Effects Of Loading Rate On Strength Of The Proximal Femur
Published 1994 · Medicine, Biology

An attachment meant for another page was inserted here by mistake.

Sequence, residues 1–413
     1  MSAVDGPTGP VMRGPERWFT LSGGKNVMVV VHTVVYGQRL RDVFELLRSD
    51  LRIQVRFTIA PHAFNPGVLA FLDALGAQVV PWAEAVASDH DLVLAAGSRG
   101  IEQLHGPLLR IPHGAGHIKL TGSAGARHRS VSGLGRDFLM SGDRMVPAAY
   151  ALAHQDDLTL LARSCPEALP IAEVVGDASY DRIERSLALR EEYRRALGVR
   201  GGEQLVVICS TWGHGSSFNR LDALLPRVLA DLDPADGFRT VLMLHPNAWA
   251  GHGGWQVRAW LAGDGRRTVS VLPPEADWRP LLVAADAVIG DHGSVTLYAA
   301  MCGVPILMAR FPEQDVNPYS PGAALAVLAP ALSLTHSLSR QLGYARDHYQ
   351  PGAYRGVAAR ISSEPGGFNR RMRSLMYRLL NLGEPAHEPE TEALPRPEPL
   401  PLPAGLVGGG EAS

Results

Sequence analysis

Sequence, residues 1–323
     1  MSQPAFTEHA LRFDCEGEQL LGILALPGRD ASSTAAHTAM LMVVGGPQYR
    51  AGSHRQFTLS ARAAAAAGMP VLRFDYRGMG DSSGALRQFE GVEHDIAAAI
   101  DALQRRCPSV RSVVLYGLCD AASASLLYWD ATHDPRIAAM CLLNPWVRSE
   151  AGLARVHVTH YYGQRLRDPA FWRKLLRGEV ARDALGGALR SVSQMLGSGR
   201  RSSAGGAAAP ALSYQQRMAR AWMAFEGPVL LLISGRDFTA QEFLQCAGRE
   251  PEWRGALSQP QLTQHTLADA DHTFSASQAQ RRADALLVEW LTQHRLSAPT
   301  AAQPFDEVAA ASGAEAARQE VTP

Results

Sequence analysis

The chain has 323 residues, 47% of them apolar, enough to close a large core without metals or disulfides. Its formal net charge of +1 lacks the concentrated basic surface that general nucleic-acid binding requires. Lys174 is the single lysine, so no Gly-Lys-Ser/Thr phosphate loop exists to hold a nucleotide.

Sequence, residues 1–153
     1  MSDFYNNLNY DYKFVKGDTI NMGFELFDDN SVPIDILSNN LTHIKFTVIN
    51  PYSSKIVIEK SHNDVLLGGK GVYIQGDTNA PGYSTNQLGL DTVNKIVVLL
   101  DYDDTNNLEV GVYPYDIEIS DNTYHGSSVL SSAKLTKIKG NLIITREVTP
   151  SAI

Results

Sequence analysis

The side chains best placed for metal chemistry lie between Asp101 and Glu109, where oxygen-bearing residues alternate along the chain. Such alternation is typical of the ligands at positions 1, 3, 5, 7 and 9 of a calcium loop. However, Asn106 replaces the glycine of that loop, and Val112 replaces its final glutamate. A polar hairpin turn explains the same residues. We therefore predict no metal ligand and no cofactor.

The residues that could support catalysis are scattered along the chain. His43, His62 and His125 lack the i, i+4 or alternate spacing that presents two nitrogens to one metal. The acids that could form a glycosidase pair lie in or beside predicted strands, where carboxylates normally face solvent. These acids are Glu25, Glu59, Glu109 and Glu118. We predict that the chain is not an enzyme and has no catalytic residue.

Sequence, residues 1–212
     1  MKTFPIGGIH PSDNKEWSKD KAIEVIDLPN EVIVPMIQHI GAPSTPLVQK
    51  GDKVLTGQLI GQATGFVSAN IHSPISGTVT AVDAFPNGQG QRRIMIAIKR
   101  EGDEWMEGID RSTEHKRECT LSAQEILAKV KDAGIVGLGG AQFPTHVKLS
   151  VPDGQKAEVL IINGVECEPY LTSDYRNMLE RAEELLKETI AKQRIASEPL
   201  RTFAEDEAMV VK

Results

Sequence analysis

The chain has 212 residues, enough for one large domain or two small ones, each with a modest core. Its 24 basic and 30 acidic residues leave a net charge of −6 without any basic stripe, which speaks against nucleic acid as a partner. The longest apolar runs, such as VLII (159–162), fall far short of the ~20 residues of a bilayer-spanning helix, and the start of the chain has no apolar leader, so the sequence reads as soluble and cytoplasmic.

Results from previous quasi-static mechanical tests indicate that femurs from elderly subjects fail in vitro at forces 50% below those available in a fall from standing height. However, bone is a rate-dependent material, and it is not known whether this imbalance is present at rates of loading which occur in a fall. Based on recent data on time to peak force and body positions at impact during simulated falls, we designed a high rate test of the femur in a loading configuration meant to represent a fall on the hip. We used elderly (mean age 73.5±7.4 (SD) years) and younger adult (32.7±12.8 years) cadaveric femurs to investigate whether (1) the strength, stiffness, and energy absorption capacity of the femur increases under high rate loading conditions; (2) elderly femurs have reduced strength, stiffness, and energy absorption capacity compared with younger adult femurs at this loading rate; and (3) densitometric and geometric measures taken at the hip correlate with the measured fracture loads. Femurs were scanned using dual-energy X-ray absorptiometry (DXA) and then tested to failure in a fall loading configuration at a displacement rate of 100 mm/second. The fracture load in elderly and younger adult femurs increased by about 20% with a 50-fold increase in displacement rate. However, energy absorption did not increase with displacement rate because of a twofold increase in stiffness at the higher loading rate. Age-related differences in strength and energy absorption capacity were consistent with those found previously for a displacement rate of 2 mm/second. There were moderate to strong correlations between fracture load and DXA variables, with the best correlation provided by cross-sectional area (r2=0.77) and bone mineral density (BMD) (r2=0.72) at the femoral neck. Our results indicate that, even at rates of loading applied during a fall, the estimated impact force in a fall on the hip is 35% greater than the average fracture load of the elderly femur. Moreover, the relationship we found between femoral neck BMD and fracture load indicates that an increase in femoral neck BMD of more than 20% would be required to raise the strength of the femur to the level of the impact load. As clinical trials of pharmacologic interventions have demonstrated increases in BMD of only a few percent at best, our results emphasize the continuing need for intervention strategies that focus on fall prevention and on reducing the severity of those falls that do occur.